That's a good suggestion, the fastest sun-tolerant plants are probably bananas. In my area the fastest growers are the Ice Cream, Basjoo and Ensete Maurelli.  My Ice Cream grew 2 feet in February, and given enough water and fertilizer an Enseti Maurelli went from 2 to 12 feet in one summer. 

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Cindy Adair

I am grateful to the quick growing bananas and my Cyathea tree ferns after hurricane Maria hit Puerto Rico in 2017. I did not plant either.

I am now working to dig out and remove lots of the bananas, leaving the tree ferns that seem perfect for many shade loving palms.

The lacy fronds let in the rain and do not take up much ground space once they trunk. 

The dry fronds of the ferns are fairly light so when they fall they have (so far) not damaged plants below.

I just pick them up and stack them in a pile as part of preparing a new planting area.

In contrast the banana leaves block rain, so I have killed a few palms that were bone dry. Bananas eventually take up more and more ground space and as each stem dies (after it fruits) and falling on plants below is a worry.

I do have many many bananas so having enough fruit to eat is never an issue.

Removing tree ferns is easy and the occasional stumps when trees are killed by strong wind can remain to hold vanilla vines, orchids or black pepper vines. 

Lastly I thank the tree ferns for broadcasting spores in the wind, so quick growing baby tree ferns are some of the first plants to emerge on areas of landslides. They look like ground covers in places. 

Perfect for eventual shade return to those devastated vertical areas and for sharing shovel fulls to those in PR who have no trees.

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bgl

Joe,

That's an excellent idea and I have used this approach a LOT, but then again, I'm on the Big Island, where conditions are quite different. No idea how it will work in SoCal, where rainfall and humidity are vastly different. But certainly worth a try! :) 

Bo-Göran

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Josue Diaz

I used them to grow Howeas in Chowchilla. They protected from frost and sun until the dreaded freeze of 2007 killed the palms. The cyatheas survived.

I imagine that you'd have to resort to growing from spores in order to collect tree ferns no? how easy or difficult of a task is that if you do go that route?

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TomJ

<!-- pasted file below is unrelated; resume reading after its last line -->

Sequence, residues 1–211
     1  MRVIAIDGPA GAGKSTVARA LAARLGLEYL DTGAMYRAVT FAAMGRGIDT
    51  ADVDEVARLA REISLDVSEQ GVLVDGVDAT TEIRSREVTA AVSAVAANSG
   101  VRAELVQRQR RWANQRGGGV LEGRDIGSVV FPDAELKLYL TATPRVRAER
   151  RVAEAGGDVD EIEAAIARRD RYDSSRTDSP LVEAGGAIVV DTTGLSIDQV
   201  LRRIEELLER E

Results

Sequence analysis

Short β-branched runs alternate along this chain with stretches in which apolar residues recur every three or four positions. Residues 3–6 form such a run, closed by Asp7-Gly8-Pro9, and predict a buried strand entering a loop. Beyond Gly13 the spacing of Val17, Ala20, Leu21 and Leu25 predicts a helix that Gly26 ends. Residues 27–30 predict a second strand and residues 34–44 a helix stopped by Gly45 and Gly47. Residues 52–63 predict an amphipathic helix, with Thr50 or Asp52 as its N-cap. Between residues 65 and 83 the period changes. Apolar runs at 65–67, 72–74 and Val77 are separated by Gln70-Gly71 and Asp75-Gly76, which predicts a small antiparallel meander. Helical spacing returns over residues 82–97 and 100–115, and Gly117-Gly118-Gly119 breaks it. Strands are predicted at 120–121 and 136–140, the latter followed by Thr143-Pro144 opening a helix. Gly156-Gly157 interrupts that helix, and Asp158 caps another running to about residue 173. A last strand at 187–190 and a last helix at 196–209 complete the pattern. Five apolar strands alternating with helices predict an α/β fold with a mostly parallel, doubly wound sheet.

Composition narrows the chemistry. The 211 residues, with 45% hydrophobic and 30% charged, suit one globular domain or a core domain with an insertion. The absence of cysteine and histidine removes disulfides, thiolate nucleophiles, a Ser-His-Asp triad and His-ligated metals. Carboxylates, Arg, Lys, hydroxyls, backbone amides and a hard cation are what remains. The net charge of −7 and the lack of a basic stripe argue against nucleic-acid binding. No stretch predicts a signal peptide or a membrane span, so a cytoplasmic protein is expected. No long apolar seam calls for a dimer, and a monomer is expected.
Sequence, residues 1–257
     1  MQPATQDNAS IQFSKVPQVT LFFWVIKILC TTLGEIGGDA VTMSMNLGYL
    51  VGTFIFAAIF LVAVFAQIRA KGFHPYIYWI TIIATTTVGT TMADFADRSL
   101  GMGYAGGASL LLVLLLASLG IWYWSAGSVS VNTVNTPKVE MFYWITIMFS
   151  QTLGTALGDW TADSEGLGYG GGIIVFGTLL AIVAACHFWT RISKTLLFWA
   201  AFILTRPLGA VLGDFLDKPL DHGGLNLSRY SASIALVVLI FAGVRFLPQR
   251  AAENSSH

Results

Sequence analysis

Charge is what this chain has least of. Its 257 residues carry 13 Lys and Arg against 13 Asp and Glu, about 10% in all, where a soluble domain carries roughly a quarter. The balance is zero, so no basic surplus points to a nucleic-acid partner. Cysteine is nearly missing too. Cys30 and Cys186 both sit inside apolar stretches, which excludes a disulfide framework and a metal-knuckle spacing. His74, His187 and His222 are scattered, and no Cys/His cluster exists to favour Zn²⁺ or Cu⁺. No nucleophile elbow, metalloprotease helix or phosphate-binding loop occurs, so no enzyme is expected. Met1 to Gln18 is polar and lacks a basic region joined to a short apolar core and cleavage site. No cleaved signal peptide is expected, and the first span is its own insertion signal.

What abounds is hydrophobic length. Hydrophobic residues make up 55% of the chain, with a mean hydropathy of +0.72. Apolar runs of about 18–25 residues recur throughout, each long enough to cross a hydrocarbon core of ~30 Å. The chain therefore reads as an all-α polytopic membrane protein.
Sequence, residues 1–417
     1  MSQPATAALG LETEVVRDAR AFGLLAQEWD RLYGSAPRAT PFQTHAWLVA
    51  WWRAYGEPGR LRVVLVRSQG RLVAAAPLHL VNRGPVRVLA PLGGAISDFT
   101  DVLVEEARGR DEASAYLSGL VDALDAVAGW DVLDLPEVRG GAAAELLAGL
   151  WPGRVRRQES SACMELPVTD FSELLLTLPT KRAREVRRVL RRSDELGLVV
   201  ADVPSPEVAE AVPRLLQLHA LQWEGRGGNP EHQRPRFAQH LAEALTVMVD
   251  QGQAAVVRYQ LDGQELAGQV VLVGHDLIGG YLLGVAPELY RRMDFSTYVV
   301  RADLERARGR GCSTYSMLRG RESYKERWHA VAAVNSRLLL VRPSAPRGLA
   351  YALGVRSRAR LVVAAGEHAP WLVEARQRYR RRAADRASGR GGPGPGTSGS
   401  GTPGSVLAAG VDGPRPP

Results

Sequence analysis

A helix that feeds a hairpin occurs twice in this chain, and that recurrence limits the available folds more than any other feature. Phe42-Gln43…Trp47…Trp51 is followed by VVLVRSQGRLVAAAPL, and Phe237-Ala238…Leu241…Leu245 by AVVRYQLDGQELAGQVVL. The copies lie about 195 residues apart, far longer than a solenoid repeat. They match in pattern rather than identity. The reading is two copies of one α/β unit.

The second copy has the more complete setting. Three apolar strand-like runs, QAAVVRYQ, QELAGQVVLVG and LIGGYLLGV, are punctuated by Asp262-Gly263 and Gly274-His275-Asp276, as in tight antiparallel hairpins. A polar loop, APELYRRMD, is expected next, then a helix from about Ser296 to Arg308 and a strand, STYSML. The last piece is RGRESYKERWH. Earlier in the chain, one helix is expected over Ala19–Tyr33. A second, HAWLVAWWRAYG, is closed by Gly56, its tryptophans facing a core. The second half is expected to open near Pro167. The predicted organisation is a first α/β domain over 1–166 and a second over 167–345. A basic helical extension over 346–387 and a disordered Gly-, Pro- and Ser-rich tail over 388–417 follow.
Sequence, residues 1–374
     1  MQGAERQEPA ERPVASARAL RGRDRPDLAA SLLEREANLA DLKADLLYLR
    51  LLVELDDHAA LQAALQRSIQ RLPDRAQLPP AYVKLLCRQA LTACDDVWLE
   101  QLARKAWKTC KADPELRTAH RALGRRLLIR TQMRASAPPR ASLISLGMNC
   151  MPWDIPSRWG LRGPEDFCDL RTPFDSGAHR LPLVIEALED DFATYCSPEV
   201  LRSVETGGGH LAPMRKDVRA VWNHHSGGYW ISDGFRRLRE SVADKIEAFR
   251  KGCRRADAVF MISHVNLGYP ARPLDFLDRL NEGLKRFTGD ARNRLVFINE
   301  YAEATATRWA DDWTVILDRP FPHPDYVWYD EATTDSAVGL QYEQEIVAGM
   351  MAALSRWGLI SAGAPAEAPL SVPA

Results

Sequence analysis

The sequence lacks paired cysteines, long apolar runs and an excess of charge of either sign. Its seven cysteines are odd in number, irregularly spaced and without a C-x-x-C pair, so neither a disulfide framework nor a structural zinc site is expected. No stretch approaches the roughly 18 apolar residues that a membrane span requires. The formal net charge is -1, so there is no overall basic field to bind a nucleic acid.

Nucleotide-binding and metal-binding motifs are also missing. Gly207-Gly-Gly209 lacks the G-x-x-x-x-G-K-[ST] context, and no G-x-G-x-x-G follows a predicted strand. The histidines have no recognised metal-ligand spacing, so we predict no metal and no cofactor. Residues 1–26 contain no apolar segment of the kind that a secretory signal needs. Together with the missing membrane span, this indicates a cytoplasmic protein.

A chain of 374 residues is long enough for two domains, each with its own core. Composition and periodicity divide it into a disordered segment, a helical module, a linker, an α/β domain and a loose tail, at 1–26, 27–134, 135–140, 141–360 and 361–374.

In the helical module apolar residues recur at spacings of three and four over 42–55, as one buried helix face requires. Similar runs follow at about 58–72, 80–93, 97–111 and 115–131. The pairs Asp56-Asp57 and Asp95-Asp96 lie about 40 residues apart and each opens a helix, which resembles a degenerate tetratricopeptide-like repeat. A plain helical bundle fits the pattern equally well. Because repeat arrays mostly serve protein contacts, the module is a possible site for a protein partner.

2 hours ago, Cindy Adair said:

I am grateful to the quick growing bananas and my Cyathea tree ferns after hurricane Maria hit Puerto Rico in 2017. I did not plant either.

I am now working to dig out and remove lots of the bananas, leaving the tree ferns that seem perfect for many shade loving palms.

The lacy fronds let in the rain and do not take up much ground space once they trunk. 

The dry fronds of the ferns are fairly light so when they fall they have (so far) not damaged plants below.

I just pick them up and stack them in a pile as part of preparing a new planting area.

In contrast the banana leaves block rain, so I have killed a few palms that were bone dry. Bananas eventually take up more and more ground space and as each stem dies (after it fruits) and falling on plants below is a worry.

I do have many many bananas so having enough fruit to eat is never an issue.

Removing tree ferns is easy and the occasional stumps when trees are killed by strong wind can remain to hold vanilla vines, orchids or black pepper vines. 

Lastly I thank the tree ferns for broadcasting spores in the wind, so quick growing baby tree ferns are some of the first plants to emerge on areas of landslides. They look like ground covers in places. 

Perfect for eventual shade return to those devastated vertical areas and for sharing shovel fulls to those in PR who have no trees.

What species of ferns?

You can grow a lot more than we can with all your humidity.

 

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Cindy Adair

As to what species I have, see the discussion and photos above. I have two different kinds, but personally can not verify the names.